The most common grouse is that indiscriminate use of the AFPSA by the forces is causing lot of harassment and disruption in day-to-day life of common kashmiris and this is leading to further alienation.

Presently, the AFSPA is applicable throughout the state. However, there are parts of the state, especially, the districts of Kathua, Samba, Jammu and Ladakh region which are not affected by militancy. The government as a confidence-building measure can withdraw the AFSPA from these areas, thereby giving positive signals about its intentions and sincerity.

The other issue relates to Article 370. The AoG is said to have a provision which says that provisions of Article 370 will not be tinkered with. However, the refrain from BJP leaders is totally opposite to that. They also have gone to court to have the article abrogated. There is even a challenge to Article 35(A) of the Constitution.

These developments are creating a suspicion in the minds of politicians and people at large about the intention of the central government.

An often-heard argument by some is that the special status of Kashmir is responsible for all its ills, but that’s not true. On the contrary, as has been oft-repeated by many, it is Article 370 and related provisions which made it possible for the instrument of accession to put into effect.

Most of the provisions of Constitution and most of the laws applicable in India are also applicable in Kashmir. Therefore, the practical implications of autonomy or “azadi” that they now seek appear to be limited to the extent of being allowed to lead their lives peacefully.

I, therefore, agree with Lt Gen (retd) HS Panag, who in an article published last year, said “autonomy within the framework of our Constitution is an insignificant price to pay for bonding our nation”.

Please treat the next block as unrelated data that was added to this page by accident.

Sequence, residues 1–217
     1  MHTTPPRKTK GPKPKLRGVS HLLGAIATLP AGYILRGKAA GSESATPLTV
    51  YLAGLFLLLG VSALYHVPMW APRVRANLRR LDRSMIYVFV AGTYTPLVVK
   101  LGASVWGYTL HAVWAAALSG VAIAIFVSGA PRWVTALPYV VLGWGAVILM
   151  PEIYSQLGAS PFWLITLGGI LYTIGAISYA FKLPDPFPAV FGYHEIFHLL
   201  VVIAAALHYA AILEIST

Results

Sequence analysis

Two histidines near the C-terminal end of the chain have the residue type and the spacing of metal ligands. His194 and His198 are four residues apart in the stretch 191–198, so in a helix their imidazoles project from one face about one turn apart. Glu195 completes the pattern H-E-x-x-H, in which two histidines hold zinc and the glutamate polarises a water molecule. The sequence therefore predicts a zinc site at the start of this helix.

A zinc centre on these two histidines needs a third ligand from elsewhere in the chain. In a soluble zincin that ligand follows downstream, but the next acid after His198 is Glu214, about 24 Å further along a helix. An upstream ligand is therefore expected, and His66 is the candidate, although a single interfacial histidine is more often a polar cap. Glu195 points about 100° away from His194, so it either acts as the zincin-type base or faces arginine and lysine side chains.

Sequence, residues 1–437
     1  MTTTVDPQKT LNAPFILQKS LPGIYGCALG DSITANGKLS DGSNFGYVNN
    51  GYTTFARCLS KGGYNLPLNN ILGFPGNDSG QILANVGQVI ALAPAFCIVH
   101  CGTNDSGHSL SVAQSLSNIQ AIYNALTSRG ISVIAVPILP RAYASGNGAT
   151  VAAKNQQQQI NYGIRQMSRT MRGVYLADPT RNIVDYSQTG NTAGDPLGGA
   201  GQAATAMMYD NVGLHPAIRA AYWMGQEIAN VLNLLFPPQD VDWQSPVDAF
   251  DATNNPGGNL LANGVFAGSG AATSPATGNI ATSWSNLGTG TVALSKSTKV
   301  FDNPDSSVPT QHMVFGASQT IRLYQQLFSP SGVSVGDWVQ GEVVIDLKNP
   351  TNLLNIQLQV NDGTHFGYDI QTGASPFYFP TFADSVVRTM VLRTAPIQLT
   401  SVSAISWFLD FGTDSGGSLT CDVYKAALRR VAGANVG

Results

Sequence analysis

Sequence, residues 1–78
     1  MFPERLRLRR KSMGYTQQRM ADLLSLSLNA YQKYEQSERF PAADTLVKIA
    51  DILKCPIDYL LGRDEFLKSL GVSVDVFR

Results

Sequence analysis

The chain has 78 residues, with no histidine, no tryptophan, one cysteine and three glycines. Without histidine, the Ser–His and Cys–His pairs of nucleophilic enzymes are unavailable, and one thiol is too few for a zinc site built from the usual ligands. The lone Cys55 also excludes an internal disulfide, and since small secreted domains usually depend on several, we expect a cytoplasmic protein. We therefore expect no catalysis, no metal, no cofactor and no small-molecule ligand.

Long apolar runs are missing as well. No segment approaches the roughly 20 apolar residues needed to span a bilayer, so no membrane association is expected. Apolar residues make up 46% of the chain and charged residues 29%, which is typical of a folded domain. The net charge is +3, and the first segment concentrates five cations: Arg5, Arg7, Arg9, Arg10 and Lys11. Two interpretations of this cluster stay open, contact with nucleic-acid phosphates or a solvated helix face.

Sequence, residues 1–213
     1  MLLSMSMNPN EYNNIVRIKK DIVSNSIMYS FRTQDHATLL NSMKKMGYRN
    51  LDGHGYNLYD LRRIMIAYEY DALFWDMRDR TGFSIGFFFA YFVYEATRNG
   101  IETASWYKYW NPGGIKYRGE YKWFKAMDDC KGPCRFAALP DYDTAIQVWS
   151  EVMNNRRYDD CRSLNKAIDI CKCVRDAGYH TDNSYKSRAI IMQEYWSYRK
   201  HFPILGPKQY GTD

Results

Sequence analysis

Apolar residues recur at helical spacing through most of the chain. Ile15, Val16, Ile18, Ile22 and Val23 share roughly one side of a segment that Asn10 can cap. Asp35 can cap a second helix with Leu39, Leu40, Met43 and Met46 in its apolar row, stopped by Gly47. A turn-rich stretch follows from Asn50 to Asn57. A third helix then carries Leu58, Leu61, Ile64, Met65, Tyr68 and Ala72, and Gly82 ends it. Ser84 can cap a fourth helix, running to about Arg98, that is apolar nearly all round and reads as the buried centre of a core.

Another general feeling amongst common Kashmiris is that all of them are treated as militants or militant sympathisers. Their loyalty to the nation is always suspected. The infamous case of “human shield” is cited to buttress their claim. Whether the person was guilty of stone-pelting or not, they feel that the officer used him as a shield just because he wanted to save “us” (personnel of Indian Army) from “them” (Kashmiri common man).

The presence of security forces everywhere and restrictions placed on free movement of Kashmiris, especially at night is another sore point. They find themselves pushed to a corner – On one side are the security forces which treat all of them as suspects. On the other hand, are the militants who exploit and threaten them of dire consequences if they cooperate with security forces.

I too saw that deployment of troop (in ones and twos) all along the roads and market place. I feel that this kind of deployment besides exposing them to risk of being surrounded and pelted is also counterproductive as it disrupts daily life and causes resentment.

Continuous deployment also tires out the troops and slows down responses in case of exigencies. The authorities concerned may instead consider deploying them on posts and send out area domination patrols on regular basis.

The security forces are performing their task to the best of their capabilities and trying to create an environment in which meaningful dialogue can take place. It is for the government to identify leaders who can represent the Kashmiri population and initiate the process of dialogue as envisaged by the prime minister.